Chinese President Xi Jinping treated Russian counterpart Vladimir Putin to a state visit on Friday as the neighbouring giants forged closer ties in the face of U.S. diplomatic and economic challenges.
Mr. Putin, re-elected to his fourth term in March, arrived at the grandiose Great Hall of the people in Beijing for talks with Mr. Xi, who could stay in power for life, after term limits were lifted this year.
The two heads of state reviewed a military honour guard, and greeted flag-waving children during the welcoming ceremony, before retreating to the Great Hall.
Two of the most powerful Russian and Chinese leaders in decades, Mr. Xi and Mr. Putin, have built closer ties,while U.S. President Donald Trump has labelled both countries as economic rivals, who challenge the U.S.’ core interests and values.
'Both are soulmates'
Mr. Xi and Mr. Putin are “soulmates who want to make their countries great again,” Alexander Gabuev, senior fellow at the Carnegie Moscow Center, told AFP .
“Both share scepticism towards American hegemony, and distrust U.S. intentions. As they are both authoritarian personalistic rulers,” he said.
China is mired in tough negotiations with the U.S. to avoid a trade war, while Moscow, Syria, and Ukraine have deep differences with Washington, on multiple diplomatic fronts.
Mr. Putin played up his bond with his “good friend” Mr. Xi in an interview with China’s state broadcaster CGTN this week.
He said that the Chinese President was the only state leader “who celebrated his birthday with him,” sharing vodka and sausage. Mr. Xi “is approachable and sincere”, Mr. Putin told CGTN . “But he is also a very dependable man to work with.”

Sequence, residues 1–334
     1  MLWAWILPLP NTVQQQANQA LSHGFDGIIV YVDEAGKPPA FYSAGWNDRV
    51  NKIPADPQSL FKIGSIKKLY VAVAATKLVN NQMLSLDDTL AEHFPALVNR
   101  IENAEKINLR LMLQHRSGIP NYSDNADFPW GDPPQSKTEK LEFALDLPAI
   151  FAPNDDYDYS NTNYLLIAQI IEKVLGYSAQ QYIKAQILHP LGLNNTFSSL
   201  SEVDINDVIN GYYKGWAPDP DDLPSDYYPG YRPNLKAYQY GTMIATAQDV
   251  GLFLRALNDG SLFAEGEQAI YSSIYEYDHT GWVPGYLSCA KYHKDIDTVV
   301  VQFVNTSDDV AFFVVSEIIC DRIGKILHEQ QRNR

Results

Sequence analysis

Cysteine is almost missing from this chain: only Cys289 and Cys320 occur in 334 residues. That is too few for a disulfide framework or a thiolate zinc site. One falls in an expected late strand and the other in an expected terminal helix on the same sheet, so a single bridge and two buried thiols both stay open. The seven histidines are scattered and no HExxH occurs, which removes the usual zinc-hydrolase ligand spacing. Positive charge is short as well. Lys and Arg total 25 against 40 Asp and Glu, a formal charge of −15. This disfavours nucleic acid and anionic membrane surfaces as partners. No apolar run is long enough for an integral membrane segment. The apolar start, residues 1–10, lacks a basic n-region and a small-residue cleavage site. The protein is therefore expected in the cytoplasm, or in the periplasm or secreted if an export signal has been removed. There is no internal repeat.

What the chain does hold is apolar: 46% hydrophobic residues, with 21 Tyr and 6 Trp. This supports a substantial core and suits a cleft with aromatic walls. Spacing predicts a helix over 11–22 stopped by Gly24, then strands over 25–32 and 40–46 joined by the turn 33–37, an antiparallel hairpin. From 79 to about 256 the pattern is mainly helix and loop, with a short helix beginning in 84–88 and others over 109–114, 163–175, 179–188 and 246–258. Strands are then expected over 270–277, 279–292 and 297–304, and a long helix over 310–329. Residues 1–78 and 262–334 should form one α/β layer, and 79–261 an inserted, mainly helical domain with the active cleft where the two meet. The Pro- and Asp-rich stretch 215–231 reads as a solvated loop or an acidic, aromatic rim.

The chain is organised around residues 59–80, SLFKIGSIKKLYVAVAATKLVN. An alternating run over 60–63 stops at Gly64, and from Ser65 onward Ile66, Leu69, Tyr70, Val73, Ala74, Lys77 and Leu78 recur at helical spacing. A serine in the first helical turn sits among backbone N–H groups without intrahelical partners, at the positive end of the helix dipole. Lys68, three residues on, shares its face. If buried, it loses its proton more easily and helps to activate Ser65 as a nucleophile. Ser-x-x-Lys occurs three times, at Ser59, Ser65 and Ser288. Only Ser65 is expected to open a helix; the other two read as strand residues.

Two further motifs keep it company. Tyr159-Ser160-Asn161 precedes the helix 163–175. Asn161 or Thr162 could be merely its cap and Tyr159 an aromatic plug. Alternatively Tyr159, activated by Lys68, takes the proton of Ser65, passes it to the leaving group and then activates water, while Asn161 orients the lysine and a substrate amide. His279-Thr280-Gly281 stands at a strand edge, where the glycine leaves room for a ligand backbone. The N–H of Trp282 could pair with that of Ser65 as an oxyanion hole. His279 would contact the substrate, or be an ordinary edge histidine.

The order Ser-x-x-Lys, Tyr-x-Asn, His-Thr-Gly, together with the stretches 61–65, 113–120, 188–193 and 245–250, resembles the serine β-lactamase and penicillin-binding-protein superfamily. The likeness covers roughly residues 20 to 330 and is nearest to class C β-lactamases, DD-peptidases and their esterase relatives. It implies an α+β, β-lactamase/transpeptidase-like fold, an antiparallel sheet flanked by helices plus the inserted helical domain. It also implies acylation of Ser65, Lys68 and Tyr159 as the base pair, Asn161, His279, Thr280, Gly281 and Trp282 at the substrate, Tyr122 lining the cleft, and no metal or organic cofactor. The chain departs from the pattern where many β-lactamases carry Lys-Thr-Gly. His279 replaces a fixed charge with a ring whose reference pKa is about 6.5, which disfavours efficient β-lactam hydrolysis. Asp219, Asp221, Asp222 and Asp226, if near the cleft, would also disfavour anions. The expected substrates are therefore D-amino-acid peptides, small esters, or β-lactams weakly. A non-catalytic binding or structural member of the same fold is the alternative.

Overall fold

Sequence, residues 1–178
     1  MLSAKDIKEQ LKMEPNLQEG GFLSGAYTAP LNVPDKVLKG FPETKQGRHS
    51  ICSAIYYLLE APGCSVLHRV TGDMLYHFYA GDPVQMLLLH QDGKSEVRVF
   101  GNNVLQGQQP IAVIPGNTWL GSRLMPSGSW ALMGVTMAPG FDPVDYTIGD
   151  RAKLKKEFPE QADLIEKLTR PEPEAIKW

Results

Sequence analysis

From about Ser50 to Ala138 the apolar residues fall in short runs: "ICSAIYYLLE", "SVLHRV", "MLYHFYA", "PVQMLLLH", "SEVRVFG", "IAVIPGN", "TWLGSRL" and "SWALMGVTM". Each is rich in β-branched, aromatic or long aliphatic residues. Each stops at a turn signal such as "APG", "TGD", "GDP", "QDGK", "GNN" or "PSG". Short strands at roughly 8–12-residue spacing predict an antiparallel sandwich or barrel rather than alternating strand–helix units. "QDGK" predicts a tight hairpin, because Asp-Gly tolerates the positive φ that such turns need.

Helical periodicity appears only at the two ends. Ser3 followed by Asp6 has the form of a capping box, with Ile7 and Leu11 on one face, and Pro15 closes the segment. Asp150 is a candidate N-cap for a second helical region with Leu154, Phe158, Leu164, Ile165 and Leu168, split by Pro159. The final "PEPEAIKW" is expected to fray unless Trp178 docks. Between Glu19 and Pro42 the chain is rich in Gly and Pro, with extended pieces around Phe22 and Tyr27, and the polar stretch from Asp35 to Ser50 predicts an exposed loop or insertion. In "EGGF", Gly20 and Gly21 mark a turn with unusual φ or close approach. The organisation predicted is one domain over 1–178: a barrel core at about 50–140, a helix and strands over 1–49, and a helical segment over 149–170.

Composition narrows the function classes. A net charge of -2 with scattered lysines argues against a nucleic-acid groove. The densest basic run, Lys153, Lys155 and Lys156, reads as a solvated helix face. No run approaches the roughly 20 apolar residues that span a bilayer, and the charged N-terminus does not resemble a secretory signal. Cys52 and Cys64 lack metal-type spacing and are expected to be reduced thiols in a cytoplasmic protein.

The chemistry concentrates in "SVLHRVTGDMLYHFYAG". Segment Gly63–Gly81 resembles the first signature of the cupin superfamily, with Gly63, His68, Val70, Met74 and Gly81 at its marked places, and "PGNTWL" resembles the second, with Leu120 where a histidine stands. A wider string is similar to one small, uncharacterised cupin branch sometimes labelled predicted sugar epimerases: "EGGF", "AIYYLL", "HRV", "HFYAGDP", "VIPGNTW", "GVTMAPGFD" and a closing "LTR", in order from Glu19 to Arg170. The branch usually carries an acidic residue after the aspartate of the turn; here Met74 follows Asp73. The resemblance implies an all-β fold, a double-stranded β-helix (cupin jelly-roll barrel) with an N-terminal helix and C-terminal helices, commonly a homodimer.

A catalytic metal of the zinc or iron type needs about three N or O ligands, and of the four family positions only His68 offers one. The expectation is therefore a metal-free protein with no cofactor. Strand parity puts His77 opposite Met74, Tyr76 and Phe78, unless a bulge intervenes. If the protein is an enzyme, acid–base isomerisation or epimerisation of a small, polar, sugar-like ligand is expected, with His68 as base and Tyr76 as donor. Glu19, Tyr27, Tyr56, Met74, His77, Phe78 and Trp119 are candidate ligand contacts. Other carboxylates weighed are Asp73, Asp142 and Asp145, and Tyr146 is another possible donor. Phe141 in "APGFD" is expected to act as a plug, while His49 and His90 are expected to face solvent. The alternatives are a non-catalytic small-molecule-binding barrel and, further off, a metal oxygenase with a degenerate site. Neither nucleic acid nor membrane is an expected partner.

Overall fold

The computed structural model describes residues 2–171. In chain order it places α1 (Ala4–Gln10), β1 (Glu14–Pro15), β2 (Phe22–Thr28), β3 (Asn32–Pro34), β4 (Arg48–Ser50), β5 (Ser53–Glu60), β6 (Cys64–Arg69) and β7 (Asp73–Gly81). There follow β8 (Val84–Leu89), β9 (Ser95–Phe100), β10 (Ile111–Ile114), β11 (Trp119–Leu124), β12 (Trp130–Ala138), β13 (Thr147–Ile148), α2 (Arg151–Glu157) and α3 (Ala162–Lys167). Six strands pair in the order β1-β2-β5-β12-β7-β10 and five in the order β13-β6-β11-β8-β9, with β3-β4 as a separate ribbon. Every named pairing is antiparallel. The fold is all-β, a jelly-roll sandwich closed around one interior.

Maria Repnikova, director of the center of Global Information Studies, at Georgia State University in the U.S., said China made Russia look “stronger and more relevant” on the global stage. For its part, Russia allowed China to show the U.S. that it had “other options” in international negotiations.
“Trump’s policies justified [the] growing closeness, especially for Russia but also for China, given the volatile relationship with the U.S.,” Ms. Repnikova told AFP .
But, she said, “It is an asymmetrical relationship with Russia who is more dependent on China than vice versa, especially in the economic sphere.”
After the Beijing visit, Mr. Putin will join Mr. Xi at a weekend summit of the Shanghai Cooperation Organisation (SCO) in the eastern Chinese city of Qingdao.
China and Russia lead the regional security group, which include former Soviet states, and new members such as India and Pakistan.
Mr. Putin told CGTN that the SCO had “small” objectives when it was founded two decades ago but that it was now evolving into a larger global force.
Iranian President Hassan Rouhani, whose country is an observer member of the SCO, will also attend the summit at a time when China and Russia are seeking to save the Iran nuclear deal following the U.S.’ withdrawal from the pact.